February 26, 2014
Psychologist Robert Hogan, an expert on personality assessments, told the 2012 annual meeting of the American Psychological Association that 75 percent of working adults say their immediate boss is the worst aspect and most stressful part of their job.
Two-thirds of U.S. workers would take a better boss over a pay raise, according to Michelle McQuaid, another expert in positive psychology interventions in the workplace.
In her study, 31 percent of employees polled felt uninspired and unappreciated by their boss; nearly 15 percent felt lonely, bored and miserable.
Employees want managers they can look up to, learn from and who care about them as people. Dale Carnegie Training’s employee engagement study found:
- Among those “very satisfied” with their immediate supervisor 49 percent were engaged.
- Among those “very dissatisfied” with their immediate supervisor, 80 percent were disengaged.
- Among fully engaged employees, 53 percent said they learned a lot from their supervisor.
- Among employees not fully engaged, 19 percent said they learned a lot from their supervisor.
- 62 percent of engaged employees said their manager sets a good example.
- 25 percent of those not fully engaged said their manager sets a good example.
- One third of employees think their managers cares about their personal lives; 54 percent of them are engaged.
- Two thirds of employees do not believe their manager cares about their personal lives; 17 percent of them are engaged.
Srikumar Rao hears about problem managers all the time. He wrote the book on happiness at work. “Happiness at Work,” a best-seller published in 2010, and his now-legendary Creativity and Personal Mastery class make Dr. Rao a sought-after speaker across the globe.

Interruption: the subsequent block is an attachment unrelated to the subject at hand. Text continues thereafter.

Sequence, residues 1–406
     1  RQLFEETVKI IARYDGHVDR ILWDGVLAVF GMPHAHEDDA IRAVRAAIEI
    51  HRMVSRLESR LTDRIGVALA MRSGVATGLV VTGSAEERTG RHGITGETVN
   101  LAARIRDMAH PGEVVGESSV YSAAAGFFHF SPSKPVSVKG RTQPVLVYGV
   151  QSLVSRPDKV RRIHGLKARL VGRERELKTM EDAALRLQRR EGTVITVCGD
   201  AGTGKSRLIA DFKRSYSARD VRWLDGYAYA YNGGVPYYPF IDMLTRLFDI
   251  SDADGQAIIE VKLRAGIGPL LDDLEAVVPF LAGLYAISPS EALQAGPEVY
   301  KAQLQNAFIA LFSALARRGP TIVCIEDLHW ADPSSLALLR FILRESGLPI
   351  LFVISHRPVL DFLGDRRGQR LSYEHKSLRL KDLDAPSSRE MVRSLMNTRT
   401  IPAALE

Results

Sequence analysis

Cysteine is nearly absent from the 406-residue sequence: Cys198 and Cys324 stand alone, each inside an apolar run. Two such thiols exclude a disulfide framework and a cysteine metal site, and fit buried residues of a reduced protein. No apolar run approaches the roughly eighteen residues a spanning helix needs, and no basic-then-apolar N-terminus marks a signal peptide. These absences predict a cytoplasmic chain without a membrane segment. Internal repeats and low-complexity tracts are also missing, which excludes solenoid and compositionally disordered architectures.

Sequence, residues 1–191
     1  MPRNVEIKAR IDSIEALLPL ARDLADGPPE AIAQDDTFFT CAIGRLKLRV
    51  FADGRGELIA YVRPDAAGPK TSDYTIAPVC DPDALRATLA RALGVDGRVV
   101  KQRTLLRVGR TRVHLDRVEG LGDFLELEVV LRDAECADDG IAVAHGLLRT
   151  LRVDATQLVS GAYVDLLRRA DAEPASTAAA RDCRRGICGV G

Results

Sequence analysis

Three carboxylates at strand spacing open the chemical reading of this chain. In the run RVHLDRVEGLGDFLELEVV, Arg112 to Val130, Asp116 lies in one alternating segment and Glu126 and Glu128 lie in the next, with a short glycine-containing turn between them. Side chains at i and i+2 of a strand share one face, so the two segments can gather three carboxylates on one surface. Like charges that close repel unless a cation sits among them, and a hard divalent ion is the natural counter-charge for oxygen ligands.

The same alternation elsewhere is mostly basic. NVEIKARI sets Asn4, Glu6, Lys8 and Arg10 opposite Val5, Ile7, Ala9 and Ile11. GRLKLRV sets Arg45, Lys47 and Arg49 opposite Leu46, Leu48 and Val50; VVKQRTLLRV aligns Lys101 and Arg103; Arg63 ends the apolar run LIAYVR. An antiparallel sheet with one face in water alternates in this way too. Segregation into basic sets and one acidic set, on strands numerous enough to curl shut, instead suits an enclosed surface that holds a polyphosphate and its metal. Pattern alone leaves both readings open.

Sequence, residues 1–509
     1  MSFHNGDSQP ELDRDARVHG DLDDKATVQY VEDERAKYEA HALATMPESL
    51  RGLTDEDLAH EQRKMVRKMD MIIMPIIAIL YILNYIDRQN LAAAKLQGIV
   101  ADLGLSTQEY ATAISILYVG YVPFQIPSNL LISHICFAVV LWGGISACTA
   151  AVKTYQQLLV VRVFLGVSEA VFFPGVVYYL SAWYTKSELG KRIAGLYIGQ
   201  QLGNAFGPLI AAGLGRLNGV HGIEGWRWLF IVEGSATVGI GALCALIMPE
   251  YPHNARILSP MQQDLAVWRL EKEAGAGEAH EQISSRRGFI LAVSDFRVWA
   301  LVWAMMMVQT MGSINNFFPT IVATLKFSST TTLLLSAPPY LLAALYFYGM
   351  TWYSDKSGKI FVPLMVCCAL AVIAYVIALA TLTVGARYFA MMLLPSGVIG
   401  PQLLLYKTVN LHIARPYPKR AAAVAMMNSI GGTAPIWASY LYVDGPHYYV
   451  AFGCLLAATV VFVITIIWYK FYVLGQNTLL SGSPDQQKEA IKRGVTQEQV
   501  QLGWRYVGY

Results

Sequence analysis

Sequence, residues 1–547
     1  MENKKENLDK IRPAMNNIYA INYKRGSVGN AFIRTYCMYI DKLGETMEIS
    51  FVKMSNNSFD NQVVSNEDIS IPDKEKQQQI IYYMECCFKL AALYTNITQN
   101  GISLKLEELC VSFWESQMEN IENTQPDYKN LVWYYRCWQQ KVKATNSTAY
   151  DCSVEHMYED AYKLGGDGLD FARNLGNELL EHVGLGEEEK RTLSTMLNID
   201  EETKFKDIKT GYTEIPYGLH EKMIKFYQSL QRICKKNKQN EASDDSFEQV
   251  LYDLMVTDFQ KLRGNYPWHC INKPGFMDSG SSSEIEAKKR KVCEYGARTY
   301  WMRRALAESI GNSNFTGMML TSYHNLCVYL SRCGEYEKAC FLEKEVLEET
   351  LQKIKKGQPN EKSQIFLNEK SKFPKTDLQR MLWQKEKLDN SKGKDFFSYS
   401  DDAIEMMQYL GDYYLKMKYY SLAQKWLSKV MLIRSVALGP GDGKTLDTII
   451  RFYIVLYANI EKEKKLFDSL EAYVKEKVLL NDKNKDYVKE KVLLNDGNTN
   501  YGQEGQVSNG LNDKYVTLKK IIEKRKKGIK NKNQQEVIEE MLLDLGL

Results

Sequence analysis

Common subjects emerge regardless of geography.
“It does not matter whether I am in Hong Kong or Sao Paolo,” Dr. Rao has said. “People always want to talk about toxic bosses and what to do about them.”
Beleaguered employees want advice on coping. HR professionals want to know what training may help. C-suite executives want better ways to spot them before they cause too much damage.
Because damage they do. The quality of the relationship with a direct supervisor is the single factor most closely linked to whether an employee quits and goes or, “quits and stays,” becoming actively disengaged.
Multiple workplace experts estimate bad bosses are the root cause of 3 of 4 voluntarily job departures, though frustrated employees don’t always come right out and said it that way.
Gallup’s most recent research says employees cite these top three reasons for leaving: 1) career advancement or professional opportunities; 2) bad job fit; and 3) management or the “general work environment.”
The research, Gallup says, “shows that these managers from hell” create active disengagement that costs U.S. businesses $450 to $550 billion each year.
So what’s the solution? We know what it is not – promoting into management those without people skills or the willingness, with company-provided training, to acquire them.